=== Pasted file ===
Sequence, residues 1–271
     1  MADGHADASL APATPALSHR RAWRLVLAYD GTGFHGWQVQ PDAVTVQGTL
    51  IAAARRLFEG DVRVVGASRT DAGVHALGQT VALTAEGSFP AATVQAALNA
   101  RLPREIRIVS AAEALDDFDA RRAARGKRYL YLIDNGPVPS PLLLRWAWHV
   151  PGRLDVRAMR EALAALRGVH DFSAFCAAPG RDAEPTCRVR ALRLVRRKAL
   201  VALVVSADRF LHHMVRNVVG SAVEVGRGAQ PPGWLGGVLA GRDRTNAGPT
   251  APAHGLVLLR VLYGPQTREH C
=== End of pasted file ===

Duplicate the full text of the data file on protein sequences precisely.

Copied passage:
Sequence, residues 1–271
     1  MADGHADASL APATPALSHR RAWRLVLAYD GTGFHGWQVQ PDAVTVQGTL
    51  IAAARRLFEG DVRVVGASRT DAGVHALGQT VALTAEGSFP AATVQAALNA
   101  RLPREIRIVS AAEALDDFDA RRAARGKRYL YLIDNGPVPS PLLLRWAWHV
   151  PGRLDVRAMR EALAALRGVH DFSAFCAAPG RDAEPTCRVR ALRLVRRKAL
   201  VALVVSADRF LHHMVRNVVG SAVEVGRGAQ PPGWLGGVLA GRDRTNAGPT
   251  APAHGLVLLR VLYGPQTREH C